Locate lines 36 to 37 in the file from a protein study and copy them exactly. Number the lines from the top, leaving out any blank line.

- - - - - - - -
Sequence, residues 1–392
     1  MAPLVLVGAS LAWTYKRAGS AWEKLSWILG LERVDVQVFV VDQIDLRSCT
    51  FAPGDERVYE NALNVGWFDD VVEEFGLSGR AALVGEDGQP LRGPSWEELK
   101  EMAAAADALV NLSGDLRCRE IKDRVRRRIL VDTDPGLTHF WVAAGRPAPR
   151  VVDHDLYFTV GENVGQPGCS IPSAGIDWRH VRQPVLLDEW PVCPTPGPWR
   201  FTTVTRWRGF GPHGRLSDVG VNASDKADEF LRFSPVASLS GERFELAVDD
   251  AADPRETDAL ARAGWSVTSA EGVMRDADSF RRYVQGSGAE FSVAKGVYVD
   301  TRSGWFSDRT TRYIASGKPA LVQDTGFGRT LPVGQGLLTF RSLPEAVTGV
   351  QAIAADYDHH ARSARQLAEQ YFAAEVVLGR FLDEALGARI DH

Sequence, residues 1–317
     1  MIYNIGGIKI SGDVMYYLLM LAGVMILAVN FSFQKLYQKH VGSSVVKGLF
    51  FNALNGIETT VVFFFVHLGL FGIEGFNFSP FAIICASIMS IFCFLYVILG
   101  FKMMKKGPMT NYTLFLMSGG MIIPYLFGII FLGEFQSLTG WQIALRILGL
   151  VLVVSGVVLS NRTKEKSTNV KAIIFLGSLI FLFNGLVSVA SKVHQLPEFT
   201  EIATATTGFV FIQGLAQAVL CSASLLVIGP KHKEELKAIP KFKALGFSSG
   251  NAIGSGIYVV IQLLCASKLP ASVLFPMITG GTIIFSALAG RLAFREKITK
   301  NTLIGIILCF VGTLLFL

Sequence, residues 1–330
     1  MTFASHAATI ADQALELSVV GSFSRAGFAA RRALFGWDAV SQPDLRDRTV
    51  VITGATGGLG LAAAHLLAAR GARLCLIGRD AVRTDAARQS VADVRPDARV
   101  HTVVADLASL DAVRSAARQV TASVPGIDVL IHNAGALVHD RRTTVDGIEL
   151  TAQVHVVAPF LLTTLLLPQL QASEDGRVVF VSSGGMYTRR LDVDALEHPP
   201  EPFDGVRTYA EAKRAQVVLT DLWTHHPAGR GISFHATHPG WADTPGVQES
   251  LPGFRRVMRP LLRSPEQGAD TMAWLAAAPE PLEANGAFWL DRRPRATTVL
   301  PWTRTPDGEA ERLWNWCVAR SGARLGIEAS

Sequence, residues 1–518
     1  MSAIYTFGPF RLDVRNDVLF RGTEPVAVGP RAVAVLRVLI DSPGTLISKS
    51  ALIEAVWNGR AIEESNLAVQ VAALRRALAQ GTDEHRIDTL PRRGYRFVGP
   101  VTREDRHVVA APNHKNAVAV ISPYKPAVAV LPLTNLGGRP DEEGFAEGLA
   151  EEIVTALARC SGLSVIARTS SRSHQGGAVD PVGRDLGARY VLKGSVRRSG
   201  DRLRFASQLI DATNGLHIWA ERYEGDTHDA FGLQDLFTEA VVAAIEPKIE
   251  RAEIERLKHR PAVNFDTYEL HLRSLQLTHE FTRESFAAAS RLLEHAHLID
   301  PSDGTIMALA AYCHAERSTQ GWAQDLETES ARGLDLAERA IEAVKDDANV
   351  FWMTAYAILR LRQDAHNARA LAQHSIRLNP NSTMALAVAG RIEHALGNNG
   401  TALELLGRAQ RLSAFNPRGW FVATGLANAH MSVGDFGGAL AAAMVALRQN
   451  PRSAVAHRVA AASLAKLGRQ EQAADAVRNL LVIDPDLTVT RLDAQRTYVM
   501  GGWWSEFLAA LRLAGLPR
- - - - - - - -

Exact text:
   451  PRSAVAHRVA AASLAKLGRQ EQAADAVRNL LVIDPDLTVT RLDAQRTYVM
   501  GGWWSEFLAA LRLAGLPR